The Canadian Federation of Students-Ontario and the Ontario Undergraduate Student Alliance have submitted proposals to the province for the 2014 Ontario Budget. Both proposals advocate for lowering tuition fees and creating job opportunities through internships and co-operative education positions.
OUSA proposes increasing the Ontario Tuition Grant from 30% to 35%, amounting to about $70 million of the budget.
The CFS-O, however, called on the government to eliminate the tuition grant altogether and instead reallocate the funds to reducing overall tuition fees by 30% for all undergraduate students, including those who currently don’t qualify for the grant, over three years. Currently, international and mature students are ineligible for the grant.
“The money from a tuition grant is often not reaching who needs it most,” said CFS-O chairperson Alastair Woods. “We could put that money towards a real tuition fee reduction for all students.”
OUSA’s proposal focuses on improving eligibility for Aboriginal students and those students who have dependents, regardless of how long they’ve been out of high school.
When asked about the inaccessibility of the 30% Off grant, OUSA president Amir Eftekarpour responded, “We want to increase [the grant by] 5% and extend eligibility to make the grant more available for everyone.”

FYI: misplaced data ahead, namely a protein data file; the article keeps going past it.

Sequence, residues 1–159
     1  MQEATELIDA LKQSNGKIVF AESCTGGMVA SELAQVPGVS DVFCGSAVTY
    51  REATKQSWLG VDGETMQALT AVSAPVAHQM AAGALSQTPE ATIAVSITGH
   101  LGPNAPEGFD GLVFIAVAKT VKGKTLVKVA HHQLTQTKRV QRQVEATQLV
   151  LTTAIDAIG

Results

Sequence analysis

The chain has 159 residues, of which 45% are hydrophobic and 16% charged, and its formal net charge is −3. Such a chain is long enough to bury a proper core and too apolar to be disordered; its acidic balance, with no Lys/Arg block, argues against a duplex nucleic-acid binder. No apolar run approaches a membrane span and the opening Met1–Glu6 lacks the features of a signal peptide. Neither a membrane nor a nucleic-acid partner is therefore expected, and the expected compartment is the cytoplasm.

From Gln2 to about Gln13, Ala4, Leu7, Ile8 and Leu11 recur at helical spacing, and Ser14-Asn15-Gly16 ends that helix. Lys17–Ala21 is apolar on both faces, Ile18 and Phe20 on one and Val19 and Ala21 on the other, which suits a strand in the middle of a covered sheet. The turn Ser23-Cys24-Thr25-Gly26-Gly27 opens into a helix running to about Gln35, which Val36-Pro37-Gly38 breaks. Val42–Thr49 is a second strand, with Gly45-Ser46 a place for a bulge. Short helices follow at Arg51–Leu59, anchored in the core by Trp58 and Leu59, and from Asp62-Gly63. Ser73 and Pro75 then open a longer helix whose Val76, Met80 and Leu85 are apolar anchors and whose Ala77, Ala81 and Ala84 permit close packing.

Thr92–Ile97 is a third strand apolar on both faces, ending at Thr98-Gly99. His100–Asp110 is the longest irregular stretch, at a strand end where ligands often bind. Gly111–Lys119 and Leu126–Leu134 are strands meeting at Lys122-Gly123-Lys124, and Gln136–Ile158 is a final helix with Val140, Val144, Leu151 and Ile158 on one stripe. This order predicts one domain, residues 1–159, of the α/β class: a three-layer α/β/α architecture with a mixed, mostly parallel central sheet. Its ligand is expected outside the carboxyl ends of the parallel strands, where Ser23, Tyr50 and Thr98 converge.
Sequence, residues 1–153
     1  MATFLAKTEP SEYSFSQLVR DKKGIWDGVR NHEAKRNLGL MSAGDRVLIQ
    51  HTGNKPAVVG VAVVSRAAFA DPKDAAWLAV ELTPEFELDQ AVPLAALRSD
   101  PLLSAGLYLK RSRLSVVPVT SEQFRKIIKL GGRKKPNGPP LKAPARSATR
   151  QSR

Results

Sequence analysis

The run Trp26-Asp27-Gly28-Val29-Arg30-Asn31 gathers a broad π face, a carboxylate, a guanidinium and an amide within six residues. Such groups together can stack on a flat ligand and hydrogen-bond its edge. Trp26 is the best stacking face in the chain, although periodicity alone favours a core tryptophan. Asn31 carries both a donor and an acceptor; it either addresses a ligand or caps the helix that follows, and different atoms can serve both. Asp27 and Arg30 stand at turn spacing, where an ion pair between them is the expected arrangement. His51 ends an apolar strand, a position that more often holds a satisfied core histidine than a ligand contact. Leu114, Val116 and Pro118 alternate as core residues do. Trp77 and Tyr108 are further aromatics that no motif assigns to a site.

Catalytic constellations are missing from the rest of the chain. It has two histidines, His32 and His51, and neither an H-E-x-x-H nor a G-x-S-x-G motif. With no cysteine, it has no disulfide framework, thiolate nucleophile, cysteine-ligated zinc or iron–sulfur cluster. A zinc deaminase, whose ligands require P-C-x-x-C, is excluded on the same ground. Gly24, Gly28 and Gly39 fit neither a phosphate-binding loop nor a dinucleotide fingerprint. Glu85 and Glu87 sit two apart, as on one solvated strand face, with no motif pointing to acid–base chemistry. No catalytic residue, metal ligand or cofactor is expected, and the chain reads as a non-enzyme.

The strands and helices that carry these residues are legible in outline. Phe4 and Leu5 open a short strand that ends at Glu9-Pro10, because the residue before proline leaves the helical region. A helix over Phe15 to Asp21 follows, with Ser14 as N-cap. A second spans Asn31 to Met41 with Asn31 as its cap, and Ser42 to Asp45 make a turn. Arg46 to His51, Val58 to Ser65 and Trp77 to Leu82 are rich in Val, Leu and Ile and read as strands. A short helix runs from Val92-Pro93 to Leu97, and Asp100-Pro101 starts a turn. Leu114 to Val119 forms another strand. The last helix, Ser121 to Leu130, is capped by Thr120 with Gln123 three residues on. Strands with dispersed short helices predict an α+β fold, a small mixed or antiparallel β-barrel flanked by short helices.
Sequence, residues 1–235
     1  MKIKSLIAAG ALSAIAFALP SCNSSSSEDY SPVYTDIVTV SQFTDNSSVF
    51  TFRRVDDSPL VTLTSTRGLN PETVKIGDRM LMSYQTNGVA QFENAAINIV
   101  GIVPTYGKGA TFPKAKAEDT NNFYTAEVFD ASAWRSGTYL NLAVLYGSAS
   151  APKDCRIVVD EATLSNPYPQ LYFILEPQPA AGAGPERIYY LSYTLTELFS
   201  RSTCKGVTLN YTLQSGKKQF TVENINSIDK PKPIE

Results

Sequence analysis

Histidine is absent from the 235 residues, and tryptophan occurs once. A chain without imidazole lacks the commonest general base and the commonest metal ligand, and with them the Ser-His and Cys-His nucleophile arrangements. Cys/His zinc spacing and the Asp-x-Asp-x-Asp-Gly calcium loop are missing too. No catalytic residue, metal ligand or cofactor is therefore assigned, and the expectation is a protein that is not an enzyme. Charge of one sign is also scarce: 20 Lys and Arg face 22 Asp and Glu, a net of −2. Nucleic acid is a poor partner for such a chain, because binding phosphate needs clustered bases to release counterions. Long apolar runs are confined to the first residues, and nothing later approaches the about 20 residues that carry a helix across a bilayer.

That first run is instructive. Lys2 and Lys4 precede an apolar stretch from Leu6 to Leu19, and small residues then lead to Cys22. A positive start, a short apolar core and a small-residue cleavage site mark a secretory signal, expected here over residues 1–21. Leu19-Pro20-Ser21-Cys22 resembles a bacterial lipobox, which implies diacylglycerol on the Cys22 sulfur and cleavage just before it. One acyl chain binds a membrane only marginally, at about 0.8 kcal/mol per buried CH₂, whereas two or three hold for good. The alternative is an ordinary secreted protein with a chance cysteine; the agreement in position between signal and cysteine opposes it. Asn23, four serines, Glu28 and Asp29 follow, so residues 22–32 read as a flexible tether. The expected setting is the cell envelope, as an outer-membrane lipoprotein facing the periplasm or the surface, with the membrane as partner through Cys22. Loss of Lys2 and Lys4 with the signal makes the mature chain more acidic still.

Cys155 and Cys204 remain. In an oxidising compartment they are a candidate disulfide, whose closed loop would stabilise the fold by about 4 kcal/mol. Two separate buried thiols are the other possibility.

OUSA also aims to improve the fairness and efficacy of financial assistance programs and teaching quality for students. In addition, the organization recommends that the province increase co-operative education placement opportunities by 10% and create informational resources for the students’ employers. In terms of teaching quality, OUSA recommends creating 200 new, evenly distributed, program-focussed teaching positions across Ontario.
The CFS-O’s proposal addresses the issue of unpaid internships and advocates for their elimination. In addition, the federation calls for increased investment in public transit. The total cost of the CFS-O’s recommendations is $817 million.
CFS-O’s file also suggests areas for saving about $4.2 billion in government spending. Its suggestions include restoring 2009 corporate tax rates and introducing salary caps for university and college administrative employees.
Woods claims that this generation “has reached a turning point” with regards to escalating tuition fees, “where the younger generation is worse off than their parents”.
The Ministry of Finance conducts pre-budget consultations from December until February. The Minister of Finance, Charles Sousa, has organized a provincial tour to collect ideas from the public on how to optimize the budget for Ontario’s economy. This includes jobs, economic growth, and public services such as education.
Pre-budget consultations end on February 28. The provincial budget is expected to be released in March.